(Note: Mr. Melhem's remarks are provided through an interpreter.)
MR. MELHEM: Concern over Iran's ambitions was one of your top priorities in Saudi and the UAE, where they share the same concern. How did you frame the new American policy vis-a-vis Iran?
SEC. GATES: The president's policy over the past year, of reaching out to Iran, was in the hope that the Iranians would respond positively and provide a way out of the current difficulties that the international community has with Iran.
As has become clear, the Iranians have rebuffed the initiatives of the president for a better relationship. By the same token, his policy of engagement has now exposed the Iranian regime, for what it is, and their unwillingness to try and find a negotiated outcome here.
And that creates the basis I think for widespread support for moving to greater pressure on Iran, in an effort to persuade its leaders to change course and to acknowledge that they will not pursue nuclear weapons.
I think that one of the benefits of the president's policy has been that it has contributed to very broad support in the international community as well as here in the region.
And that is the direction in which we are headed, for a new U.N. Security Council resolution, which in turn will provide a legal platform for individual countries that may wish to take more severe action, economic action.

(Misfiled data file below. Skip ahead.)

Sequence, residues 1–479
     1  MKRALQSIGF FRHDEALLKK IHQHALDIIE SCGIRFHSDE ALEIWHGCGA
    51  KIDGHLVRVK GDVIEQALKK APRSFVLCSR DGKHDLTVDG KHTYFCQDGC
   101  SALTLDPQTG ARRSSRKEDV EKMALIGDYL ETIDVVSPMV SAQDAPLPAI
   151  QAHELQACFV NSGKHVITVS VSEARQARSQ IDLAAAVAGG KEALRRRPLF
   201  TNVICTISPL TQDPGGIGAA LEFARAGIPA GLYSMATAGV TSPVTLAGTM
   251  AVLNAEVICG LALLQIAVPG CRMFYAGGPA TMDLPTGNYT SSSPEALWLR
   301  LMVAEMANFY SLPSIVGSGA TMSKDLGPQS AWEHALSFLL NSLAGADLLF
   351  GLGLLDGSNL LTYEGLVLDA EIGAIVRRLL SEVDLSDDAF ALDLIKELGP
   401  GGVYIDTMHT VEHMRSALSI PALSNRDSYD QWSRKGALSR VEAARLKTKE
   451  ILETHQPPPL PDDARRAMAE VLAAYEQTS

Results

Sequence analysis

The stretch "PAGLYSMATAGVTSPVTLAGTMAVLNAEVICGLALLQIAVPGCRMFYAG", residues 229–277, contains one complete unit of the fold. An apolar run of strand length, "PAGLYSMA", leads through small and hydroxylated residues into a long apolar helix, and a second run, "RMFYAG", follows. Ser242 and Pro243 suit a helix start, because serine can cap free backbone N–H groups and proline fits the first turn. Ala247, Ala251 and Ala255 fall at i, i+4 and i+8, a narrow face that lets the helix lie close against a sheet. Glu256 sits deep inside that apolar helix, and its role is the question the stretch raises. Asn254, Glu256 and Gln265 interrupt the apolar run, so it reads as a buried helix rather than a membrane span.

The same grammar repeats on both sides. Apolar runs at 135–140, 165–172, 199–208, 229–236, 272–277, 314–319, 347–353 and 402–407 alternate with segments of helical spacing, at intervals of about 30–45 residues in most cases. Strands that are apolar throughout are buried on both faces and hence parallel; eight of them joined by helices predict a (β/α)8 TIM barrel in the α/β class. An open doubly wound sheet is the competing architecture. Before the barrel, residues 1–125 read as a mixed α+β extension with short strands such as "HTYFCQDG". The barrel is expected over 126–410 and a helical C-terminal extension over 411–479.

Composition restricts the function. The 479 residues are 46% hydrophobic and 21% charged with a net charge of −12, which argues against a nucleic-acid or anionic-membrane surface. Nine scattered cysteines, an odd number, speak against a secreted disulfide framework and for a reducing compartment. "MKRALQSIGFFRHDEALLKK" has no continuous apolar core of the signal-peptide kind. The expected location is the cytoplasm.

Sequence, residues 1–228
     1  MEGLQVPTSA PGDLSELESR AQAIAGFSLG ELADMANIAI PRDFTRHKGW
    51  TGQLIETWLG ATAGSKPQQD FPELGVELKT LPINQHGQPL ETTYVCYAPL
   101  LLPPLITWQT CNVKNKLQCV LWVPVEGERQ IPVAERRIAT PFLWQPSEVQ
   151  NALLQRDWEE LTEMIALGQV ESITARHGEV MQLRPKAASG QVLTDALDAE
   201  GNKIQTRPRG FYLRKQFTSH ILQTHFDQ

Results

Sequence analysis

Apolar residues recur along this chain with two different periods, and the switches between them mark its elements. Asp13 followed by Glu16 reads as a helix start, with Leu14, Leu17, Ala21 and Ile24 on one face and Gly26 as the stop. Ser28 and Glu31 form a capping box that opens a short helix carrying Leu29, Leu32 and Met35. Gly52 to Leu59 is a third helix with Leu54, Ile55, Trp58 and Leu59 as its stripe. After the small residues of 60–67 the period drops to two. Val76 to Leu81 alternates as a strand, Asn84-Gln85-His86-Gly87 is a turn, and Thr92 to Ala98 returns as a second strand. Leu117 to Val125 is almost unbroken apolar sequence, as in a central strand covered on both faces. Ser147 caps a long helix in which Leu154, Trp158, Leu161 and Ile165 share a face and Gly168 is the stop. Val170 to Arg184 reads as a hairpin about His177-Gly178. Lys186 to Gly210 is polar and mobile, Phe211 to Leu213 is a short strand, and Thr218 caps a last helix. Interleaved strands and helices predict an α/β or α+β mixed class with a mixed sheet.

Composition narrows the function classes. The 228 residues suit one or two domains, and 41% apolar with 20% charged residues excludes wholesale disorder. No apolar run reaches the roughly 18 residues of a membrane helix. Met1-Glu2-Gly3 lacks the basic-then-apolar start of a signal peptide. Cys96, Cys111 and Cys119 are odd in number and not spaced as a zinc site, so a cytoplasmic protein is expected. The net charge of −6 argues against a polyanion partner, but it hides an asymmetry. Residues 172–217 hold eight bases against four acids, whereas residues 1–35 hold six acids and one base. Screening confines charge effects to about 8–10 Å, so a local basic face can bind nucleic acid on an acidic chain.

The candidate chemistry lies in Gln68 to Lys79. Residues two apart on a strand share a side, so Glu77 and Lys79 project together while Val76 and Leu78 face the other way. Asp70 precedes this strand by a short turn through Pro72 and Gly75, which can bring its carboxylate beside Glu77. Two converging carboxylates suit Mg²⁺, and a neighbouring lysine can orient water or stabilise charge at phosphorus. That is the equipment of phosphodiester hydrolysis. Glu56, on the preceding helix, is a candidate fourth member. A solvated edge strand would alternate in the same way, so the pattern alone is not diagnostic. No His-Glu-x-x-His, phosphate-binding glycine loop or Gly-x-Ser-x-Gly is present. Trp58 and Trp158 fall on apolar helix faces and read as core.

MR. MELHEM: You said that these sanctions would be not directed towards the people but rather directed towards the regime. Can you explain how that would happen?
SEC. GATES: Well, I think, to the extent that we can, the sanctions should be focused on front companies and organizations that are basically owned by the leadership and by the IRGC [Islamic Revolutionary Guard Corps].
It's inevitable that there will be some consequence for the people. But to the extent we can, we want to try and put the pressure where we think it will do the most good and also the least harm to the Iranian people.
MR. MELHEM: You had a verbal duel with Ahmadinejad through the media. After you left Kabul, he said, what are you doing here, he asked. What do you respond?